The Republic of Georgia is often considered to be the birthplace of viticulture and winemaking, dating back 8000 years. The earliest form of winemaking there involves macerating and aging in clay vessels called Qvevri, which are buried underground. In essence, these are the first “natural” wines, in that there is no use of chemicals, foreign yeasts, or filtration. This practice is so vital to understanding early winemaking that it has been added to UNESCO’s “List of the Intangible Cultural Heritage of Humanity.” Thankfully, there are a number of wineries in Georgia who continue to make wine in this traditional manner. On Wednesday, December 14th, we’ll be pouring 4 Qvevri-style wines (1 white without skin contact, 2 “amber” or orange wines, and 1 red), all newly arrived to the U.S., all amazing examples of what makes these wines so unique. Joining us is one of our favorite people, Eric Danch from Blue Danube Wine Company, whose knowledge of Georgian wines never ceases to amaze us!
From southeastern Georgia, we’ll be featuring two wines from the Shavnabada Monastery -- the 2004 Mtsvane which spent 6 months fermented on the skins and then 11 years in Qvevri, and the 2009 Saperavi, which spent 6 years in Qvevri. Grown and produced by monks, bottled by hand, sealed with beeswax, and blessed! From Eastern Georgia, we’ll be pouring a Kisi, one of the rarest white grapes, from the winery Doqi, which has 6 months of skin contact. And from high up in the hills of the Asureti Valley, we’ll be pouring the native white varietal Chinuri from Gotsa winery.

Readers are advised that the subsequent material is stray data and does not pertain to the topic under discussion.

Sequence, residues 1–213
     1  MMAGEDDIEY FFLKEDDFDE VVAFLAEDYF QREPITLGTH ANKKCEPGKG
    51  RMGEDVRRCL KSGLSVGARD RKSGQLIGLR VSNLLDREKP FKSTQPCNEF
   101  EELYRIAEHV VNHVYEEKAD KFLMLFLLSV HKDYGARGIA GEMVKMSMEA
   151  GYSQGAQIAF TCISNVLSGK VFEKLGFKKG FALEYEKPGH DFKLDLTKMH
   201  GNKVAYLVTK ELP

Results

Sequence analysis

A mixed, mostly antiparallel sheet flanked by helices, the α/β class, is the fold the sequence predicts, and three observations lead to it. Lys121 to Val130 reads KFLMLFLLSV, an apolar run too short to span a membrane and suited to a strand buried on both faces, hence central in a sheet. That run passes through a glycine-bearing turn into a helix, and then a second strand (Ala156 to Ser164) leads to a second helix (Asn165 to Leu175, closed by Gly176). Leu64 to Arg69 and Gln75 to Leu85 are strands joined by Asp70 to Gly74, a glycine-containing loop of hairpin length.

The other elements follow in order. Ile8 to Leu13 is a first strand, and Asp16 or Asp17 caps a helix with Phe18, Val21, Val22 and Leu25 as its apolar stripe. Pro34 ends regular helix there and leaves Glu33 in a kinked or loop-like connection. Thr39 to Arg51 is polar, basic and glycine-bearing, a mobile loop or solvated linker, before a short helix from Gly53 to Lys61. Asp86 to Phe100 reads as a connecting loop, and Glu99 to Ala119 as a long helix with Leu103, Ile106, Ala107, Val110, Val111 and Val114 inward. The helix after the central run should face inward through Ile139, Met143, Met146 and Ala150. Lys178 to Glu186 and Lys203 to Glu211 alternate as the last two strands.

Shavnabada Mtsvane 2004
Shavnabada Saperavi 2009
doqi Kisi Qvevri 2014
Gotsa Wines Chinuri 2015
Flight of four wines, $15
As always, featured wines are for sale at 10% off to tasting participants, during the event only.
Wednesday, December 14th, 5:00-7:00pm
Photo Credit: Blue Danube Wine